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The Development of External Sanitary Facilities Aboard Ships of the Fifteenth to Nineteenth Centuries

Joe John Simmons
Thesis: December 1985
Chair: Bass
Nautical Archaeology Program

This thesis examines the appearance and development of sears-of-ease, roundhouses, pissdales, quarter galleries, and other shipboard structures which served as hygienic accommodations designed to facilitate the disposal of human waste from European ships of the 15th through the 19th centuries A.D. Almost without exception, the subject has been ignored, overlooked, or simply not mentioned or depicted due to modesty and/or societal and cultural mores, but it was certainly dealt with whenever and wherever men took to the sea.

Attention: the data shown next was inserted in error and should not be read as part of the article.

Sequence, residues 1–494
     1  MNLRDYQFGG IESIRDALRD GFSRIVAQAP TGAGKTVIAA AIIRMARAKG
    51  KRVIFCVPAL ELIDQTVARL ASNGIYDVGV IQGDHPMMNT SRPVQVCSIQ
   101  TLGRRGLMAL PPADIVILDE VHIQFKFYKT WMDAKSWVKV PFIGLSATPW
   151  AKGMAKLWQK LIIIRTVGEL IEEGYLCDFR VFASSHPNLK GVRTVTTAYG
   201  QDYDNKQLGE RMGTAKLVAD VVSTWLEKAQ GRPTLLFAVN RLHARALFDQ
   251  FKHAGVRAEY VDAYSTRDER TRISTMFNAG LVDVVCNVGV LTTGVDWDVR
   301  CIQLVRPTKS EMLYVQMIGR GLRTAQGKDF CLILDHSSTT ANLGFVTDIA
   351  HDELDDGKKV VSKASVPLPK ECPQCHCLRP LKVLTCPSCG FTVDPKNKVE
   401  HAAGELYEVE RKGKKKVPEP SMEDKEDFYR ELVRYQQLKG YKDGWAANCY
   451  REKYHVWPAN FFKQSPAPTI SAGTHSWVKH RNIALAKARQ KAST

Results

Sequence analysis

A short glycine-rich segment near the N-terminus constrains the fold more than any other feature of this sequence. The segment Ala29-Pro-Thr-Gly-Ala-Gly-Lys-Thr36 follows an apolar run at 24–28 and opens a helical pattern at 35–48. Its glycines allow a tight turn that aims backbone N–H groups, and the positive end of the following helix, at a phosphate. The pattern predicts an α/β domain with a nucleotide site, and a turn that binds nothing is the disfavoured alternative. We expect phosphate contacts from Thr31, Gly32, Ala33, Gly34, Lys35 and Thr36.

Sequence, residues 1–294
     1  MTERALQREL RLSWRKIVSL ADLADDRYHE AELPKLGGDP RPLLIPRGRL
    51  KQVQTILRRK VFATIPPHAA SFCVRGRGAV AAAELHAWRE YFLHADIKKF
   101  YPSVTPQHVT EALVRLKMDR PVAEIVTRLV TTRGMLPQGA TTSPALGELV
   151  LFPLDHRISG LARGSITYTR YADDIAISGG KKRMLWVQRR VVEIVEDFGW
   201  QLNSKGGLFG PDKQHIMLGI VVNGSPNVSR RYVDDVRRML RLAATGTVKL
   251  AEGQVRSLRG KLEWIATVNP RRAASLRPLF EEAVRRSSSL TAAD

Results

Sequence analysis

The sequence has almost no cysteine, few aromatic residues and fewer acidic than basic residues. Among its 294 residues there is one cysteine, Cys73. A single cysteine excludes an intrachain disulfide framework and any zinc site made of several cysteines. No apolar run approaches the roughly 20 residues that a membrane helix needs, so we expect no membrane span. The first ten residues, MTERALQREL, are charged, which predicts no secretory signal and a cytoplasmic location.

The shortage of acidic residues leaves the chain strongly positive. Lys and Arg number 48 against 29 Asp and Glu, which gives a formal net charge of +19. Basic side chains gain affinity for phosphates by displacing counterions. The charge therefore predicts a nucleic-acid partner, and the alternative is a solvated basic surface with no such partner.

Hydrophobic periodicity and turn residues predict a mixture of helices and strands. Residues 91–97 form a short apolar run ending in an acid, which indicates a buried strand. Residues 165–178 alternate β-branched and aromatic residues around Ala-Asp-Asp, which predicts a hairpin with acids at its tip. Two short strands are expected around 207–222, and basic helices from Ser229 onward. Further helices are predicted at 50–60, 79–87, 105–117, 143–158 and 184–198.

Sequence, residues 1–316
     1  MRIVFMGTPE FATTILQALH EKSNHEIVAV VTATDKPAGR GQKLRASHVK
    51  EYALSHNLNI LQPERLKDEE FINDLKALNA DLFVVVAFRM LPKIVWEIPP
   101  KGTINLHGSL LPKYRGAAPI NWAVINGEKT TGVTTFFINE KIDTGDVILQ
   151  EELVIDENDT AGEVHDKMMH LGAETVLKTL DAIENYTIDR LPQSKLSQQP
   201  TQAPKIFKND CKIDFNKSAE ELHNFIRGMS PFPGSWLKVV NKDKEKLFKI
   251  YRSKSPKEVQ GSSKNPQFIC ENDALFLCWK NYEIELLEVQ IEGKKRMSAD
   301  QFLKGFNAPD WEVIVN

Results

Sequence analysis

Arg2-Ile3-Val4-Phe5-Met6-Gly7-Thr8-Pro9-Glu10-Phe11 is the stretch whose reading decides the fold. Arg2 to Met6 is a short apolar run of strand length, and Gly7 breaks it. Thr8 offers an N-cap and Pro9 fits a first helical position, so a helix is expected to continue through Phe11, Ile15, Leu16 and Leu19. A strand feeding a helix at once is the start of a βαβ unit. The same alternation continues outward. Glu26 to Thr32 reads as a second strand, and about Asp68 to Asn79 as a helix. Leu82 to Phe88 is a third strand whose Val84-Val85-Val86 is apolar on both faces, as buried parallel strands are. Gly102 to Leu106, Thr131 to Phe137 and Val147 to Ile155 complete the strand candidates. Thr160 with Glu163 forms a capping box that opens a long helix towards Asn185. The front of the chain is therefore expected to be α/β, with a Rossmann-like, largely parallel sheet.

Prominent external waste-disposal features made possible by specific changes in European hull design and construction prior to and during the period in question have been examined in contemporary depictions, models, and descriptions and the historical literature. By the last quarter of the 17th century, these features were fully developed and were retained with little or no modification until the end of the 19th century.

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